Personal tools
You are here: Home News Japanese Earthquake: Keynesian Economics vs. Bastiat's "Parable of the Broken Window"

Japanese Earthquake: Keynesian Economics vs. Bastiat's "Parable of the Broken Window"

by Paul Prentice: President, Pikes Peak Economics Club; Adjunct Scholar, Ludwig von Mises Institute; Senior Fellow, Independence Institute. — last modified Mar 23, 2011 09:39 AM
Mainstream Keynesian economists such as Paul Krugman and Larry Summers are on record that they believe the massive earthquake in Japan will lead to stronger economic growth, due to spending on rebuilding.

This is total nonsense. Productive assets have been destroyed in the world’s 3rd strongest economy. The quantity of physical capital is now lower than it had been. Infrastructure has been ravaged. Farmland has been rendered useless. People have been killed. Death and destruction weaken an economy, they do not strengthen it. If it did, we could declare war on ourselves and improve the economy. Nonsense -- dangerous Keynesian nonsense.

The great French economist Frederic Bastiat first exposed this fallacy in The Parable of the Broken Window (1850).

You may have noticed that there is one, and only one, response from the world’s central banks whenever there is a crisis – whether it is a natural disaster or an economic disaster – Print Money. This pernicious attempt to make something out of nothing – to try to secure a free lunch – can only come to a very sticky end.

Austrian economic theory – whether of the short run business cycle or of long run economic growth – postulates that real capital can only be formed from real savings being channeled into real investment. This, in turn, is driven by the “social rate of time preference” as captured by real interest rates. If society values the future more than the present, it will forego current consumption and save more, thus leading to low real interest rates, more investment, and greater economic growth in the future. If society values the present more than the future, it will consume more and save less, thus leading to high real interest rates, low investment, and less economic growth in the future. Real interest rates act to cordinate production and consumption over time.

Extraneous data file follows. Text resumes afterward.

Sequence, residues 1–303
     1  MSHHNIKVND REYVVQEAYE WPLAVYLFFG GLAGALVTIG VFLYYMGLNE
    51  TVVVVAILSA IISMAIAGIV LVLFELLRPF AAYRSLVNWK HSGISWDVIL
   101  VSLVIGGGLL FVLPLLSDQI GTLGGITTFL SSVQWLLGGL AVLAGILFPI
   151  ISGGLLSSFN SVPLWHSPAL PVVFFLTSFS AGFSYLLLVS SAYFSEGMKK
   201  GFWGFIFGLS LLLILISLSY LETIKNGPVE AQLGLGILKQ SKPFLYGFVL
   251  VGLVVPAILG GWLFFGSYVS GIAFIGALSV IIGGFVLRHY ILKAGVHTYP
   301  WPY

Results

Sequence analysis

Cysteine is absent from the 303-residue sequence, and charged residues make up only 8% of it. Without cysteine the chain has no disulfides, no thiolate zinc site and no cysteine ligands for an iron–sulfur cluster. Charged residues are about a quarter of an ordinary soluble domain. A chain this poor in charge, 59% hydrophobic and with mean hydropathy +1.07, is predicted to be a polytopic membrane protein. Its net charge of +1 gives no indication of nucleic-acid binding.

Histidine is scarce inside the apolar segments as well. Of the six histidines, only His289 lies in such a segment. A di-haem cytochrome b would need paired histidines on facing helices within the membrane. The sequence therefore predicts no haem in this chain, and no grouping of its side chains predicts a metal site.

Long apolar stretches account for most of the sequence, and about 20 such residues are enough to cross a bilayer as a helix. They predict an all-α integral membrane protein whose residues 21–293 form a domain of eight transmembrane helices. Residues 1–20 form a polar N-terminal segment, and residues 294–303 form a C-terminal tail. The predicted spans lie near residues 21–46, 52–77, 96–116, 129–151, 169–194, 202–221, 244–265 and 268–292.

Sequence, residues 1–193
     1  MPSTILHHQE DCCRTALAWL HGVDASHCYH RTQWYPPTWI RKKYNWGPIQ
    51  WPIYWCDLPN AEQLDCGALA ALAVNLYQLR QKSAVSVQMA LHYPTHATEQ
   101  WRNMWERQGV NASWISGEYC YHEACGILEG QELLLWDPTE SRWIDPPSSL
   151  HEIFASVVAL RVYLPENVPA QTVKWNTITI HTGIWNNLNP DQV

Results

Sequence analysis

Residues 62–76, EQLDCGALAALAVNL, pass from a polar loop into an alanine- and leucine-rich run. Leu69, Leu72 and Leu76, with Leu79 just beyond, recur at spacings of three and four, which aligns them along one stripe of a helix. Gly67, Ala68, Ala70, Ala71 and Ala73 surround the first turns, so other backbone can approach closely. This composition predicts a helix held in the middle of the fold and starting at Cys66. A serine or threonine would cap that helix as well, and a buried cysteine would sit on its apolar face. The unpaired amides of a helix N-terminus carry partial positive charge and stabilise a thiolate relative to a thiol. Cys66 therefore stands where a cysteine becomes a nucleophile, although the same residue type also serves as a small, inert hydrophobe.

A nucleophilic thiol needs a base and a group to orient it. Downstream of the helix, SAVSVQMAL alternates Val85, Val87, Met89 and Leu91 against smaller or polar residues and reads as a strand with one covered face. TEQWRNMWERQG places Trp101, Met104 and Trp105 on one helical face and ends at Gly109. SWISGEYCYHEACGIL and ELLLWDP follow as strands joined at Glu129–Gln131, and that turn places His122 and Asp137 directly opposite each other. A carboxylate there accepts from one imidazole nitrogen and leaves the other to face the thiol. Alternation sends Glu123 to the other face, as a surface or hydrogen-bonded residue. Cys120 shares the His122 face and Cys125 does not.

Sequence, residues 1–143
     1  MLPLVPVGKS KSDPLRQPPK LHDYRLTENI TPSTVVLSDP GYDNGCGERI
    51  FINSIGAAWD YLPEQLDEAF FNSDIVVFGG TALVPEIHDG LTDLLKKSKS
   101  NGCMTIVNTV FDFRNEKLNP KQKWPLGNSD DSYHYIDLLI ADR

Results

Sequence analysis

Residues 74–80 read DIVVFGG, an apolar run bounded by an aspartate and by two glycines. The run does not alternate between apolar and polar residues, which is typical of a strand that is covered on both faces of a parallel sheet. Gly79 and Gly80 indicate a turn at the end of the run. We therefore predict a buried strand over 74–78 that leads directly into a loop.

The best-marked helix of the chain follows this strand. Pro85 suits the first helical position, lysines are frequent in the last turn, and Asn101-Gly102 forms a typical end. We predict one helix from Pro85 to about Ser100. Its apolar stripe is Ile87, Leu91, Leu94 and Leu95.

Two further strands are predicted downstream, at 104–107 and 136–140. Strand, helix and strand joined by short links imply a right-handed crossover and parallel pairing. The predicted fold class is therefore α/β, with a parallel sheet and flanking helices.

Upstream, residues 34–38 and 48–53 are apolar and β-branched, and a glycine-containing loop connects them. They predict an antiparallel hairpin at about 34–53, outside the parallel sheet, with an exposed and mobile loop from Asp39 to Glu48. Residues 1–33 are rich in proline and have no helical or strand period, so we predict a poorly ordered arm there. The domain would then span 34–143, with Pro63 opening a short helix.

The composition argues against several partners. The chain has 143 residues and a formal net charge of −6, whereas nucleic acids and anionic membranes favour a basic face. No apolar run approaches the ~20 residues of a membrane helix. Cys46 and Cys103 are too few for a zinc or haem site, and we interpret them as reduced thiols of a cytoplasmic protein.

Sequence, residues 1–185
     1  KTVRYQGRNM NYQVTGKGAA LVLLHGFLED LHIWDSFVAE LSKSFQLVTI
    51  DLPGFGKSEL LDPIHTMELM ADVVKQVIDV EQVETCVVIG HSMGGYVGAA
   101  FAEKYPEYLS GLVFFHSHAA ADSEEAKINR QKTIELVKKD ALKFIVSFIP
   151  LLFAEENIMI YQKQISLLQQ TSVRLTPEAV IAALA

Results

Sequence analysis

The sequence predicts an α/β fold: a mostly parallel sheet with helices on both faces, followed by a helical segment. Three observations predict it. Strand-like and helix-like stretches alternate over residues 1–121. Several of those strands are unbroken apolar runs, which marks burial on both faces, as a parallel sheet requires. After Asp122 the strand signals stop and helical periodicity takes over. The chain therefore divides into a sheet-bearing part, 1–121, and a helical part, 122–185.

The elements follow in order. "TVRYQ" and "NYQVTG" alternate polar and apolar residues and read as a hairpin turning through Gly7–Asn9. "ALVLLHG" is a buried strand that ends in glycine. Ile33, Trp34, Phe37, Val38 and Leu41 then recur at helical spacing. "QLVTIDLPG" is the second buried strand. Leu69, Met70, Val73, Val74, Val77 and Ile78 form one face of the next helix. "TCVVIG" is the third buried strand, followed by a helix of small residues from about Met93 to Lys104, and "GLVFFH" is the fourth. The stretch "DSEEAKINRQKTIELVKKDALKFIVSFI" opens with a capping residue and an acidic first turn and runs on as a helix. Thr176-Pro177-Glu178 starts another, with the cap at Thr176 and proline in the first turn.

The printing of fiat currency, pretending it is real capital, in an attempt to keep the market interest rate lower than the natural rate of real interest, leads to tremendous distortions in the time structure of production-consumption. It leads to a society that believes, falsely, that it can have it all now, without saving for the future. Resource allocation becomes deeply inefficient and the resulting malinvestment creates a boom that contains the seeds of its own bust.

The current economic recovery is not sustainable. It will end in hyper-inflation. There will be an eventual bust that will be worse than if the original malinvestment had been allowed to be liquidated by market forces in the first place. For an entertaining spoof of the Keynesian-Austrian theory debate, see Fear the Boom and Bust rap video (Keynes vs. Hayek; 7 min. 32 sec.).

For a more detailed rebuttal of Keynesian nonsense, see The Great Wave.
Document Actions